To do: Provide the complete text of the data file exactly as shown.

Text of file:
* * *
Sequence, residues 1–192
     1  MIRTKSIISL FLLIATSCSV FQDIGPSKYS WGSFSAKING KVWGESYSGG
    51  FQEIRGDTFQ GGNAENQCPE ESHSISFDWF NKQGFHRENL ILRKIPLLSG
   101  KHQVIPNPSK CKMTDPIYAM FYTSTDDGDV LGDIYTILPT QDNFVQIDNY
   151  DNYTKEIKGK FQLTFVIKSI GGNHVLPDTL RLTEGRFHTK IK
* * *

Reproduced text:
Sequence, residues 1–192
     1  MIRTKSIISL FLLIATSCSV FQDIGPSKYS WGSFSAKING KVWGESYSGG
    51  FQEIRGDTFQ GGNAENQCPE ESHSISFDWF NKQGFHRENL ILRKIPLLSG
   101  KHQVIPNPSK CKMTDPIYAM FYTSTDDGDV LGDIYTILPT QDNFVQIDNY
   151  DNYTKEIKGK FQLTFVIKSI GGNHVLPDTL RLTEGRFHTK IK